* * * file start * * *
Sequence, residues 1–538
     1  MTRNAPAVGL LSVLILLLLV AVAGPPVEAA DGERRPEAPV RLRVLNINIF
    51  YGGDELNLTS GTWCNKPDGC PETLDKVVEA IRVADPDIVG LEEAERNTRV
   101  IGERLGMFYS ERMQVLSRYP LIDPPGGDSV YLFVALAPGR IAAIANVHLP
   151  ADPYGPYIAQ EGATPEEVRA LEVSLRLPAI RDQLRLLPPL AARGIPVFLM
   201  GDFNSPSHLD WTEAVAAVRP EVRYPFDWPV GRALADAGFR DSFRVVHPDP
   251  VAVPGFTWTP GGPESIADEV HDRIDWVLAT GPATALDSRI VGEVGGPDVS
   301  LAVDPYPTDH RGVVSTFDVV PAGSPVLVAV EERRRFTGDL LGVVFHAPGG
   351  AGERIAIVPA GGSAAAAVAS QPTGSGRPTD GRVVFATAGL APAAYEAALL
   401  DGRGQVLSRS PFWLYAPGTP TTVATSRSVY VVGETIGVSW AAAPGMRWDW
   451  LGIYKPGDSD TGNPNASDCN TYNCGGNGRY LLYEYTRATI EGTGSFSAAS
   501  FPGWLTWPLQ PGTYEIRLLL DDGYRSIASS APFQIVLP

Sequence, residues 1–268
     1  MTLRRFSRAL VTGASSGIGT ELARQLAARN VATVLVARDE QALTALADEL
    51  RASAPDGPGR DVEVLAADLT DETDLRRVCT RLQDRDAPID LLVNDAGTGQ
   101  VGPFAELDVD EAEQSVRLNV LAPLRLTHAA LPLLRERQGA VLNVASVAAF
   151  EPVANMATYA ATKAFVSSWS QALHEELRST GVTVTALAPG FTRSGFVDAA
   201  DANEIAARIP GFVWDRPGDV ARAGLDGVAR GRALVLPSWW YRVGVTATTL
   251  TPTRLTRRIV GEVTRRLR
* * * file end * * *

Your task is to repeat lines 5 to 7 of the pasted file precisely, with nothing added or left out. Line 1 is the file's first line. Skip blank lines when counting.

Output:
   151  ADPYGPYIAQ EGATPEEVRA LEVSLRLPAI RDQLRLLPPL AARGIPVFLM
   201  GDFNSPSHLD WTEAVAAVRP EVRYPFDWPV GRALADAGFR DSFRVVHPDP
   251  VAVPGFTWTP GGPESIADEV HDRIDWVLAT GPATALDSRI VGEVGGPDVS